Frequently Asked Questions About Plumbing
Q. I have replaced the caulking around my bathtub 3 times and it keeps peeling away from the walls. What do I need to do to stop this from happening?
A. The peeling away of the caulking is caused by the weight of the full bathtub stretching the caulking too much. To stop this from happening, fill the tub with water before you apply the caulking.
Q. My bathtub is old and grubby looking but I do not want to renovate the bathroom just yet. Are there alternatives?
A. The best thing to do is replace the bathtub. As you are not ready to renovate, there are companies that can refinish bathtubs. Generally the finish is not as durable as the original. The length of time the finish will last will depend on the type of finish and the quality of the application.
Q. I have heard of bathtub relining. What is this and is it a good idea?
A. Bathtub relining is a lower cost alternative to replacing the existing bathtub. A special liner designed to fit in and around your existing bathtub and is glued over the existing tub. The drain is reconnected, sandwiching the liner in the middle of the seals. These liners have been around a number of years and the technology has improved as has the installation. Individuals must decide for themselves if installation of a liner is a good idea. Provided the installation was done well, the liner should work just fine.
Q. How much will my job cost?
A. Due to the nature of plumbing work, and the extreme differences of individual homes, we are unable to provide estimates or job costing without a plumber having first assessed the job site. The DS Plumbing technician will happily come to your house, assess the job requirements and then give you a price prior to starting.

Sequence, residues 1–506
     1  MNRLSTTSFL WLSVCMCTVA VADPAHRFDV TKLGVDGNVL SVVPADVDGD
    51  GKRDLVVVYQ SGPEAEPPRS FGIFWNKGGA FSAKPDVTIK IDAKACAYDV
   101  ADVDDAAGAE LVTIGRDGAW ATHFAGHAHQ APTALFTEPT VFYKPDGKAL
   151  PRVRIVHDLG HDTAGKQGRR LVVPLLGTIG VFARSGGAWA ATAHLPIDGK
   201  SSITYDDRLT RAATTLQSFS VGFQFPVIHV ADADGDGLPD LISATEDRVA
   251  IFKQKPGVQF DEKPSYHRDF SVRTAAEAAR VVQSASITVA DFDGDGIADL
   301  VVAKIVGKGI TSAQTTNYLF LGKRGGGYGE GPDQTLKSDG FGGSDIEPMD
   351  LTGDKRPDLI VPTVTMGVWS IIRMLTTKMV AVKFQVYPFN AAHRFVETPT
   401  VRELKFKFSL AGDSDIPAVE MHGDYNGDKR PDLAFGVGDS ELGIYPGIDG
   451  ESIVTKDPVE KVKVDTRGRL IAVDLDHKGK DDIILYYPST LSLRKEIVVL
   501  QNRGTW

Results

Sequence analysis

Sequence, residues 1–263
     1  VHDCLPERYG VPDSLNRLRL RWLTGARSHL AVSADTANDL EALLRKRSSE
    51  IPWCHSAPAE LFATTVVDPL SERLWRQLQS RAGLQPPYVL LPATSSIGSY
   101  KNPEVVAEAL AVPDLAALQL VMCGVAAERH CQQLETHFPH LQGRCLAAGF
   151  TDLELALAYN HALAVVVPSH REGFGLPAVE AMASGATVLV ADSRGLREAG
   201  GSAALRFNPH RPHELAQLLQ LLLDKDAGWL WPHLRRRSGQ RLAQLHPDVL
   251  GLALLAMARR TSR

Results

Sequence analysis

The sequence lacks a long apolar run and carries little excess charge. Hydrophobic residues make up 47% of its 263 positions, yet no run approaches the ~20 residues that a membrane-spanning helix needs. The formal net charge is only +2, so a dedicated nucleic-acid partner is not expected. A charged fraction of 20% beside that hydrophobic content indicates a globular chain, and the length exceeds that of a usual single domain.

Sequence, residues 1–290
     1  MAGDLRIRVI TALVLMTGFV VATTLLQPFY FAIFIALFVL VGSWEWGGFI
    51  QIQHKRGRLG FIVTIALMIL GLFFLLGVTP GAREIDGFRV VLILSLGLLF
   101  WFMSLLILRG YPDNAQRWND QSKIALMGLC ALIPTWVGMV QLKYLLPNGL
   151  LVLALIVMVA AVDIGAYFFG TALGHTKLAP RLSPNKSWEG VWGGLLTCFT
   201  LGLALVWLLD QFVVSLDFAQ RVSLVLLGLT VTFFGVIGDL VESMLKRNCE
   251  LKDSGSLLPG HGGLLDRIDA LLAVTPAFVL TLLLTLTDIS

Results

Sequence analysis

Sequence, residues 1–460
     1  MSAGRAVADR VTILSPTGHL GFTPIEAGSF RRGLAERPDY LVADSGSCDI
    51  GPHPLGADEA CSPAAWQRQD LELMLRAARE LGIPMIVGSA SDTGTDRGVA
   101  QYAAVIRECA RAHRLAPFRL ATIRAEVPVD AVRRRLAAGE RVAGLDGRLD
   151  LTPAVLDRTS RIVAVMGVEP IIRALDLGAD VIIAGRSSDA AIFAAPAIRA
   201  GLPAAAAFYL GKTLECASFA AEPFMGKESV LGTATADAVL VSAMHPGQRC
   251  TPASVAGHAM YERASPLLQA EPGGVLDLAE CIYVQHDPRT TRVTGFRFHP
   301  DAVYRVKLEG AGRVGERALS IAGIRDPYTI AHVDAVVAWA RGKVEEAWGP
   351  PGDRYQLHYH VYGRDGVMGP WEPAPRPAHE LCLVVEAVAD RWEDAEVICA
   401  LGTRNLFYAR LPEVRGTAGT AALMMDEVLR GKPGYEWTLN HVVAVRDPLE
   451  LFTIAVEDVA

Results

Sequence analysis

Q. Do you give discounts for cash?
A. No. There are a number of reasons that we do not discount cash sales. The biggest is that our technicians become personally responsible for any discrepancies or counterfeit bills.
Q. Should I try and fix my plumbing myself to save money?
Q. I sometimes use chemical drain cleaners to keep my drains running. Is it okay to do this?
A. If there are no problems with your drains, it is probably a good idea not to use these chemicals. Use of harsh chemicals in piping can cause significant damage and other problems. Doing so may cause you to need professional assistance sooner than anticipated. Most of the chemicals on the market are caustic and not biodegradable and although diluted in the drains their use eventually affects water quality in the local river.
Q. My drain runs very slowly, I have put down some drain cleaning products and its effect was minimal. What else can I do?
A. Most drain cleaning products are designed to clear blockages, so if the drain has been emptying slowly their use is generally not as effective. The chemicals will drain away just as the water and will usually eat away a small channel in the grime at the bottom of the pipe; but it will not clear the whole pipe. This will mean that the drainage may only improve for a short period of time.
Q. What drain cleaning product can I use that is environmentally friendly?
A. Here at DS Plumbing, we recommend BioOne, which is a natural biological drain line, septic and grease trap maintainer. It works by releasing naturally occurring bacteria that thrive on grease, oil and stubborn organics found in every wastewater system.
Q. How do I prevent the city sewer lines from backing up into my home?
A. Over the last couple of years, there has been a lot of press on city sewers backing up into peoples home. This is caused by more rain than the sewers can cope with and this occurs particularly in spring with the run off. Installing a back water preventer onto your main waste pipe in your basement can help prevent damage to your home.This has a yellow plastic float flap integrated into the unit, which lifts up when the sewage volume from the road rises, thus blocking the entry into your home.
Q. I’ve noticed a smell coming from my drains. What could be causing this?
A. You can read a full article on drain smells here.
Q. I have some marks on the ceiling below my main bathroom, how can I find out what is causing this?